Puberty changes how adolescents remember peer faces

Together with voices, faces are the most important source of social information for humans, even prior to birth. What is equally important to know is how the kinds of information we pay most attention to in faces changes as we progress through different developmental stages. For example, in childhood finding your parent in a crowd and detecting variations in their facial expressions are critical skills for your survival. In contrast, as you become an autonomous adolescent, parent faces become less critical for survival and peer faces become the focus of new social goals. To understand how the brain changes to accommodate these demands on the face processing system, researchers Dr. Suzy Scherf (Associate professor of Psychology) and Giorgia Picci (graduate student) at Pennsylvania State University investigated how pubertal development influences the way adolescents actually keep track of faces; especially those of peers.

Fig. 1. (a) The age of each participant in each pubertal group is plotted with the mean and one standard error. The two adolescent groups have a mean age of 12 and are not statistically different. (b) The pubertal status of each participant in each of the four pubertal groups is plotted with the mean and one standard error. All four groups were significantly different in mean stage from each other, including the two adolescent groups. The images of the faces are example stimuli from the experiment and also represent the pubertal stage of each participant group.

In the study, the researchers recruited 116 participants for the study, and separated them into four groups, depending on participants’ stage of pubertal development. The groups included children who had not started puberty, adolescents in the earliest stages of puberty, adolescents in the later stages of puberty, and sexually mature young adults. Importantly, the adolescents were all the same age (12), therefore, differences in the way adolescents remembered faces were related to their pubertal status, not their age.

The researchers used an innovative experimental design to test whether participants were better at remembering faces from their own peer/pubertal group, or faces from other groups. Participants were required to remember faces from all four groups. In other words, the faces to be remembered looked just like the research participants in pubertal characteristics (Fig. 1). Because peer relationships become uniquely important during adolescence, Scherf and Picci hypothesized that during and throughout adolescence, teens would be better at remembering other adolescent faces, particularly those from their same pubertal status.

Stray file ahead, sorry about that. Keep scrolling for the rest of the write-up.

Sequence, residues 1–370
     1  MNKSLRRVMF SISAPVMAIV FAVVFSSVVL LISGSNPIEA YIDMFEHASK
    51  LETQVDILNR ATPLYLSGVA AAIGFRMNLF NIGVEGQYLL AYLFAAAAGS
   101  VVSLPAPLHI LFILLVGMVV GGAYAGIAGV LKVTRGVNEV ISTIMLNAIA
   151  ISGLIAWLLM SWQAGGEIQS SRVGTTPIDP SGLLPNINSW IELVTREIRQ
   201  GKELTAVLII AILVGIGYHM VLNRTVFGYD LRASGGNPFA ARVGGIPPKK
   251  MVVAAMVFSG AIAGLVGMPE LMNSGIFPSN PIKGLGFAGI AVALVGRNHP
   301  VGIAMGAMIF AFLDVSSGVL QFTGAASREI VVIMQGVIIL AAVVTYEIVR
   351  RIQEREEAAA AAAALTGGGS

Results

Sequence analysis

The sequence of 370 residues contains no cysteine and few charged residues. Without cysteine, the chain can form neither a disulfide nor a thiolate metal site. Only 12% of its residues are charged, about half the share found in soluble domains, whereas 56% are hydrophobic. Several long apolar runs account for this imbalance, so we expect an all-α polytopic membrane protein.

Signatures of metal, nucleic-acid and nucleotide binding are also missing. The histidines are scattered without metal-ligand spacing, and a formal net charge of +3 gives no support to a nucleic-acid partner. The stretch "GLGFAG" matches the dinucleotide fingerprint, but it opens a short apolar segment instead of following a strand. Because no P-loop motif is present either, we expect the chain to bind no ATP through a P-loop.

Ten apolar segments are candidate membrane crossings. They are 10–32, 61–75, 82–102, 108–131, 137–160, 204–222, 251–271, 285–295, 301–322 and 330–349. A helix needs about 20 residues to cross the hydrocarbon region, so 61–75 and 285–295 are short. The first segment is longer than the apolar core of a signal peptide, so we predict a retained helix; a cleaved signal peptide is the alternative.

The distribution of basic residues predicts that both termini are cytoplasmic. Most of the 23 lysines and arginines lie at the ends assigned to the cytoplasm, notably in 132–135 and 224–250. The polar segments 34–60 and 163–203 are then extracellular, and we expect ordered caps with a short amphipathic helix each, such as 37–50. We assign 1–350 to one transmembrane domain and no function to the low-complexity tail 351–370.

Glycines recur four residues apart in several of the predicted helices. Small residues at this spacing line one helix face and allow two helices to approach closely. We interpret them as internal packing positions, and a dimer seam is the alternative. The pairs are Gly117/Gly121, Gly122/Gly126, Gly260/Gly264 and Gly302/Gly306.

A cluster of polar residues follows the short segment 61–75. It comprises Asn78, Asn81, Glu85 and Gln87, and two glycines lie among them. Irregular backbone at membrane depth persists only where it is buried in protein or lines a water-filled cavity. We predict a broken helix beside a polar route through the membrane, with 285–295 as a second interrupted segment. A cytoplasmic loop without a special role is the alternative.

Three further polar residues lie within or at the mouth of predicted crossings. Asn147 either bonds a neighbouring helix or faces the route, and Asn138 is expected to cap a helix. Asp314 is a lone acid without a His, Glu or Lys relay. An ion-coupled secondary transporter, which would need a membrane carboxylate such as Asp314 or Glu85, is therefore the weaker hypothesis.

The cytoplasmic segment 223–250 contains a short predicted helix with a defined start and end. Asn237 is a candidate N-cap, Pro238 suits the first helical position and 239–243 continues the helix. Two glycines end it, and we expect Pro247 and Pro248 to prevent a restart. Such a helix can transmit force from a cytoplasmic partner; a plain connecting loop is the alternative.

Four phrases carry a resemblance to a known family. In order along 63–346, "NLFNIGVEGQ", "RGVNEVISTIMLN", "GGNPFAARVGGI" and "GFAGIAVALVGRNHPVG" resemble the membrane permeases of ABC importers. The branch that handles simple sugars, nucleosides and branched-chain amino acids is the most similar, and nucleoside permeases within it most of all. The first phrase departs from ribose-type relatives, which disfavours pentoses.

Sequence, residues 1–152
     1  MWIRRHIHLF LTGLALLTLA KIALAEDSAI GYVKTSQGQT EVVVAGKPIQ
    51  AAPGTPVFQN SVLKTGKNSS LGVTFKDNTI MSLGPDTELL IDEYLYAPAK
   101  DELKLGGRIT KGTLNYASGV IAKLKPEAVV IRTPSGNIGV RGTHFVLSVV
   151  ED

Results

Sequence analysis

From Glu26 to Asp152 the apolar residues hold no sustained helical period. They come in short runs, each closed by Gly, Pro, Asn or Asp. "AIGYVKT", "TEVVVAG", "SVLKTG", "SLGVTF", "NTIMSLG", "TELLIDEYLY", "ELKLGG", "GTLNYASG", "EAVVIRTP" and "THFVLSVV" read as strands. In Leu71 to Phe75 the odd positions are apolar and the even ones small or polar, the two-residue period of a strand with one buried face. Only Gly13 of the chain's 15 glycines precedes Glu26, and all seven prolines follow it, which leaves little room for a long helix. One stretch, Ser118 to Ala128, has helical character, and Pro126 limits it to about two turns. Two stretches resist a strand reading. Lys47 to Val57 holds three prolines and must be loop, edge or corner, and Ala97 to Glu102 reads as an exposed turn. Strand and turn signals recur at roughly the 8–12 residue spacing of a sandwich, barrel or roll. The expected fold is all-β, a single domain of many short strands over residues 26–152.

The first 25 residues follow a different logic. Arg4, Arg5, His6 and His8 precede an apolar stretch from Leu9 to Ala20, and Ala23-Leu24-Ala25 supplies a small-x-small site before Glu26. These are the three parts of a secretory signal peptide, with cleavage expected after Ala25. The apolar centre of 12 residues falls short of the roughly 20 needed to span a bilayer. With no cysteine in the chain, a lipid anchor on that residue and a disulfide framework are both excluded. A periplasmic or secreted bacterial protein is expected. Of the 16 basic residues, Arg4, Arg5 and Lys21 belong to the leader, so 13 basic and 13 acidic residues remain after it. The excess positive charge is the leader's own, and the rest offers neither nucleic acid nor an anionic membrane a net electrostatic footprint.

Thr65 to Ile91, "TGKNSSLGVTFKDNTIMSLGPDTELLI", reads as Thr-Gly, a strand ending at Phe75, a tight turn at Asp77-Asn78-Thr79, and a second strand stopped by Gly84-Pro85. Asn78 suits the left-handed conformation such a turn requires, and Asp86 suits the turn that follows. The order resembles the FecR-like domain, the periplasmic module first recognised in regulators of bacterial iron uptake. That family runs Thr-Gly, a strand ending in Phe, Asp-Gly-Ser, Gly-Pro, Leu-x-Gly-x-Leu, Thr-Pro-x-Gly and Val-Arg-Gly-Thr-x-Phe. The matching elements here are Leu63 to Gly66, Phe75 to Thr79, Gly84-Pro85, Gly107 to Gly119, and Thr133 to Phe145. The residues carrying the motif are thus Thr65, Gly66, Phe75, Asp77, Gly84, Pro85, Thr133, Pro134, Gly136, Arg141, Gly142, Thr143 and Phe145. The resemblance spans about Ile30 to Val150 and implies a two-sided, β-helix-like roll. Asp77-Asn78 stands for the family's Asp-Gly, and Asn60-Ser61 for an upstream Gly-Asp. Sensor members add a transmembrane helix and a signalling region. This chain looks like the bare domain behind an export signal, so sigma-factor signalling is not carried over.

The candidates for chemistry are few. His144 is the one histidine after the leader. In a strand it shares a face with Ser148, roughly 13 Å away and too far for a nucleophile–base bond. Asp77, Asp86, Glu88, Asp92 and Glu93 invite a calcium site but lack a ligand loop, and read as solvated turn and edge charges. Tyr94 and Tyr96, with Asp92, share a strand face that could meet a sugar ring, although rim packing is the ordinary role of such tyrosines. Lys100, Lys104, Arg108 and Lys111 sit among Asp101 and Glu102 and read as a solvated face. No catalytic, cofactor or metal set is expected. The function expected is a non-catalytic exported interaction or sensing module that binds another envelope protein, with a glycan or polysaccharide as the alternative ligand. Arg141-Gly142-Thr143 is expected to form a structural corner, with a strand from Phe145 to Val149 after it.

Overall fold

Results from the study show that before puberty, children are best at recognizing adult female faces, not peer faces. The researchers suggest that this pattern reflects children’s need to keep track of their caregivers, who are typically adult females in the United States.

In contrast, as soon as adolescents transition into pubertal development, instead of being biased to remember adult faces, they become excellent at remembering peer faces. Importantly, adolescents are best at remembering peer faces that match their own pubertal status and this continues to be true as they progress through puberty. In other words, as they become more physically mature, their bias for peer faces matches this level of maturity (Fig. 2).

These results suggest that the biological process of puberty changes the way humans see the social world, and in particular, the kinds of faces they pay most attention to. This is some of the first evidence in humans that pubertal development changes face perception. In other words, the influx of pubertal hormones during adolescence likely motivates an increased interest in peers which may, in turn, lead to an enhanced ability to remember peer faces above all other kinds of faces.

Fig. 2. (a) Early and late puberty adolescents as well as adults all evinced superior recognition of faces from their own pubertal group compared to faces from all other groups. Pre-pubertal children did not show this Peer Bias. (b) The Peer Bias is selectively tuned to one’s own pubertal status during adolescence such that adolescents in the earlier stages of puberty have enhanced recognition for other early puberty adolescent faces compared to late puberty faces and vice versa in late puberty adolescents. Error bars indicate 95% confidence intervals.

Puberty not only induces dramatic physical changes to the body, but also changes how adolescents interact with the increasingly complex social world around them. This dynamic process likely facilitates adolescents’ transition into adult social roles, like increasingly confiding and intimate friendships and romantic relationships with peers.

Giorgia Picci, Suzy Scherf
The Pennsylvania State University, USA



From Caregivers to Peers: Puberty Shapes Human Face Perception.
Picci G, Scherf KS
Psychol Sci. 2016 Nov


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